Phenalenones: insight into the biosynthesis of polyketides from the marine alga-derived fungus Coniothyrium cereale†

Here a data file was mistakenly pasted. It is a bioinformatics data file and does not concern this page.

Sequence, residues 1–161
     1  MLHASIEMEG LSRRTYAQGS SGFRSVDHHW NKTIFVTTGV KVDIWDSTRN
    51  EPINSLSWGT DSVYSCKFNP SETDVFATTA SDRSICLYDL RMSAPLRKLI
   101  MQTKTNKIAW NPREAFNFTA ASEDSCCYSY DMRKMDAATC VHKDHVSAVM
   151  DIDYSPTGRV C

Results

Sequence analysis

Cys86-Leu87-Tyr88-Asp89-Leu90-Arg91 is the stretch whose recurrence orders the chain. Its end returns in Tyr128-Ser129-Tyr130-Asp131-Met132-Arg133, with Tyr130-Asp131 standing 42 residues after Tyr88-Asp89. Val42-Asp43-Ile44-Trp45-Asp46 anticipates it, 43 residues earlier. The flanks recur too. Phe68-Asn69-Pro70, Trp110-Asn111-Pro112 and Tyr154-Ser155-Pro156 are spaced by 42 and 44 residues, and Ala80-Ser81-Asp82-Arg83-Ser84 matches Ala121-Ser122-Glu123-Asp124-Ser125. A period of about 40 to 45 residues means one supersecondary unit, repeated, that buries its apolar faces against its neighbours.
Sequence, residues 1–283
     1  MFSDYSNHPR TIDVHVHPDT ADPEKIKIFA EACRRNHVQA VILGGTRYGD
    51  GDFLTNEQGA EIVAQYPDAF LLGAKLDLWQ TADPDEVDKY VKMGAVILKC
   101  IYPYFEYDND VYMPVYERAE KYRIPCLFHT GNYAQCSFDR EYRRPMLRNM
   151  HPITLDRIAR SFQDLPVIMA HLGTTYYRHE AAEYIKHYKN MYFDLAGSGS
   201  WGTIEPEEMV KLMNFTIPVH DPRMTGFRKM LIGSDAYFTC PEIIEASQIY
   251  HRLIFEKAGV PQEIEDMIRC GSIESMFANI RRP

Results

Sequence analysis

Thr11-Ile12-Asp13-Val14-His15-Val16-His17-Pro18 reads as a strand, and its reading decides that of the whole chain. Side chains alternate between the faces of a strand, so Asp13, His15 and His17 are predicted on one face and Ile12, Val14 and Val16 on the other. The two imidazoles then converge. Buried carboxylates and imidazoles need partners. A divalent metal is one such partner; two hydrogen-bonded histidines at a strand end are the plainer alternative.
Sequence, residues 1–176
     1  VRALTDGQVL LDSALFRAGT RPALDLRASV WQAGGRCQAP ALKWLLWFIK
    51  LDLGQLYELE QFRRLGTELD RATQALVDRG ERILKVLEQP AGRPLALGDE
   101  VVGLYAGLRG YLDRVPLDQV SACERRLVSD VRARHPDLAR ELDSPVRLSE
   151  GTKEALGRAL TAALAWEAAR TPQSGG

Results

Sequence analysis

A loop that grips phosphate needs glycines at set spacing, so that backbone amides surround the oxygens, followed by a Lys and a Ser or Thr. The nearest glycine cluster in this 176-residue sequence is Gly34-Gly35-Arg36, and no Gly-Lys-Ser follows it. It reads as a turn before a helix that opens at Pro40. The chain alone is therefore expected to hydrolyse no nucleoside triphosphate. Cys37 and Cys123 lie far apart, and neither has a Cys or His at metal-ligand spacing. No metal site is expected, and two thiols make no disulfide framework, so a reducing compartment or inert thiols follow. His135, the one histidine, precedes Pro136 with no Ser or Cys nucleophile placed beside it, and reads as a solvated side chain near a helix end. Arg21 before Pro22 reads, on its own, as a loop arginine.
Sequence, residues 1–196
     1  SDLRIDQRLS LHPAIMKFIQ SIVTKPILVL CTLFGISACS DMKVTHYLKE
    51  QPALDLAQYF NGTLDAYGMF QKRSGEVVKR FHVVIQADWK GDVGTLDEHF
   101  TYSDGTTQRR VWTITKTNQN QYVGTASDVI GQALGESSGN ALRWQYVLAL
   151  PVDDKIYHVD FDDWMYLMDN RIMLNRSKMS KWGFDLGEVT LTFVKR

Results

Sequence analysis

The marine alga-derived fungus Coniothyrium cereale is a prolific producer of phenalenones. These polyketides were shown to possess antimicrobial effects and inhibitory activity towards the protease human leucocyte elastase (HLE). The current study focused on the biosynthesis of eight different structural types of phenalenones, comprising the natural products rousselianone A′ (1), coniosclerodin (3), cereolactam (12), cereoaldomine (15), and trypethelone (16). Solid agar cultures of C. cereale were used to follow up the incorporation of [1-13C] labeled acetate into these metabolites. Taking the respective mechanisms of polyketide metabolism into account, the labeling pattern was interpreted, thus providing a hypothesis for the biosynthetic formation of the phenalenones. The polyketide skeleton of the phenanthrene-based compound cereolactam is proposed to be formed through degradation of a heptaketide by loss of two carbon atoms.